In the Matter of D.A.C., 225 N.C. App. 547 (2013)


A 14-year-old juvenile was not “in custody” when officers questioned him in his backyard with his parents nearby inside the house. Law enforcement officers saw the juvenile standing across the street from a home into which shots had been fired. When asked, the juvenile denied shooting at the house. Officers spoke with the juvenile’s parents and then asked the juvenile if he would speak with them. A plain-clothes detective and uniformed officer spoke with the juvenile outside his house for about five minutes. The parents were invited to join them but stayed in the house and told the juvenile to talk to the officers and “tell the truth.” The juvenile admitted shooting at the house. The officers did not give the juvenile a Miranda warning. The juvenile was charged with damaging both personal and real property. The trial court denied the juvenile’s motion to suppress his oral statements. The Court of Appeals held that the trial court’s findings supported the conclusion that the juvenile was not in custody when he made the statements. Facts the court considered included that the juvenile was 14; the officers asked whether he would talk with them and did not say he had to; the questioning occurred outdoors at the juvenile’s home during the day; the juvenile’s parents were nearby and could have gone outside with the juvenile; the officers talked with the juvenile for only about five minutes; the officers stood arms-length from the juvenile and made no move to touch him; and there was no physical restraint or indication of coercion. Facts that did not suffice to render the juvenile “in custody” included that: the juvenile was very much a suspect in the shooting; his parents told him to talk to the officers and “tell the truth”; and the officers were armed and one was in uniform. The court rejected the notion that fact that the juvenile’s parents told him to be honest with the officers compelled a different conclusion.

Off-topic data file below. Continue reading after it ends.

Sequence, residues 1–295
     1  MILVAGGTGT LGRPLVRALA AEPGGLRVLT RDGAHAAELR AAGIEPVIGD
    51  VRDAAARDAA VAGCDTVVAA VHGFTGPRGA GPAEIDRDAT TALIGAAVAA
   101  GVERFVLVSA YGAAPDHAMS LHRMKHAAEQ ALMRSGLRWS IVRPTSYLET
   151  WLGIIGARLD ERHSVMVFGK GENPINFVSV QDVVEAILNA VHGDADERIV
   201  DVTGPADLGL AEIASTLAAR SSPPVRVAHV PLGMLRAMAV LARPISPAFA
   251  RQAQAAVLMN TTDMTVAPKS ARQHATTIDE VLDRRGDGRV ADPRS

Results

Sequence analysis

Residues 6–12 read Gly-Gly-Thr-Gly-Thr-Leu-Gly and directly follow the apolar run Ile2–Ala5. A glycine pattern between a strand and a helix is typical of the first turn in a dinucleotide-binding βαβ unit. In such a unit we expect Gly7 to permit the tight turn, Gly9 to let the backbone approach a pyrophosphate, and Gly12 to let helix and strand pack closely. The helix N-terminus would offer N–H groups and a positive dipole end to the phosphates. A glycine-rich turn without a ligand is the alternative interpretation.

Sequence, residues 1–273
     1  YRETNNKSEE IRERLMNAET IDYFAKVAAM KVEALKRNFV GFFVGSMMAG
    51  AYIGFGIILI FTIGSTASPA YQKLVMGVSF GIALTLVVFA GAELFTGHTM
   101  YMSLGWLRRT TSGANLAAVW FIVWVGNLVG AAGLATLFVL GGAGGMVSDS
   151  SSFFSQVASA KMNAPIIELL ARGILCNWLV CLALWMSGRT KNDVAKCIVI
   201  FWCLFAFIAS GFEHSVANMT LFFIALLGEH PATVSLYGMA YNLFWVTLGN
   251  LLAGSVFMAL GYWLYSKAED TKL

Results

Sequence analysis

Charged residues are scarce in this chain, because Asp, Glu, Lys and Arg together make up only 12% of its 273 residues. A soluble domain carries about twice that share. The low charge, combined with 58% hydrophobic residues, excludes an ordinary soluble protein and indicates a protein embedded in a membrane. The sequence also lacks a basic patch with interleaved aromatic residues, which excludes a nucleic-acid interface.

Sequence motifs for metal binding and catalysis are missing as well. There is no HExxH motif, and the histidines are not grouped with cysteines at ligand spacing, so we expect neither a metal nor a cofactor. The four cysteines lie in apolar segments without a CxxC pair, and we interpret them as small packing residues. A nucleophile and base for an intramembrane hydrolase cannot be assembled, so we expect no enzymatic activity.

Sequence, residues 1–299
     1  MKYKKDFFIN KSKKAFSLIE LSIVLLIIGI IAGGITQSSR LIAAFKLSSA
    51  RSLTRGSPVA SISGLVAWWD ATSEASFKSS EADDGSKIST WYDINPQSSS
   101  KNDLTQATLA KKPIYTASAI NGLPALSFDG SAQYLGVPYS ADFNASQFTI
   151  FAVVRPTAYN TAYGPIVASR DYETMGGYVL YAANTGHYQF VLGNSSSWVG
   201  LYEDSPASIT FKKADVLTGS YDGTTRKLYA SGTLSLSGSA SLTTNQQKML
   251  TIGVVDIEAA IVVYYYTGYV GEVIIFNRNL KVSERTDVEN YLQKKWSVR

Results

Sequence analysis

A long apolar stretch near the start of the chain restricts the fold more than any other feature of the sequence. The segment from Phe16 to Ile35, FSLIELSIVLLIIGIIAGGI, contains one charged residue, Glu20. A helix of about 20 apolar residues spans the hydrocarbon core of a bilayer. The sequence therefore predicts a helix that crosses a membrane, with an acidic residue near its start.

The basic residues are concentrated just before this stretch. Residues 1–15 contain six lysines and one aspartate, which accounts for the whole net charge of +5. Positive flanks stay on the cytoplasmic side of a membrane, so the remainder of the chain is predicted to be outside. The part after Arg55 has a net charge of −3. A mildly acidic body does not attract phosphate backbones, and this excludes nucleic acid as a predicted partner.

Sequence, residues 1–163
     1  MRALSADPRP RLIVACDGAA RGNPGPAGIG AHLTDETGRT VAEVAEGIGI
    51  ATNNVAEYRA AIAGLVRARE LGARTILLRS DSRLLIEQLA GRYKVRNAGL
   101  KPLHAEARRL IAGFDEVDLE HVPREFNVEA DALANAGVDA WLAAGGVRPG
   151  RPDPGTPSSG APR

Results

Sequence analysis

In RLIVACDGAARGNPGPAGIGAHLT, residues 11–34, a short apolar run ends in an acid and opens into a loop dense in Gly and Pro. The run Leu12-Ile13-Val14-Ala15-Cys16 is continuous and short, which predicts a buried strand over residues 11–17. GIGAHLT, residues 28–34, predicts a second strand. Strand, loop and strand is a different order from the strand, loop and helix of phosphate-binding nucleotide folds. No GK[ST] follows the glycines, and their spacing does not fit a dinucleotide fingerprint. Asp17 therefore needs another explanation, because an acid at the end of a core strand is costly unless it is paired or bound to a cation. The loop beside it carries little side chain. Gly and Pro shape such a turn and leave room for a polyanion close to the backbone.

Motions to Suppress
Custodial Interrogation
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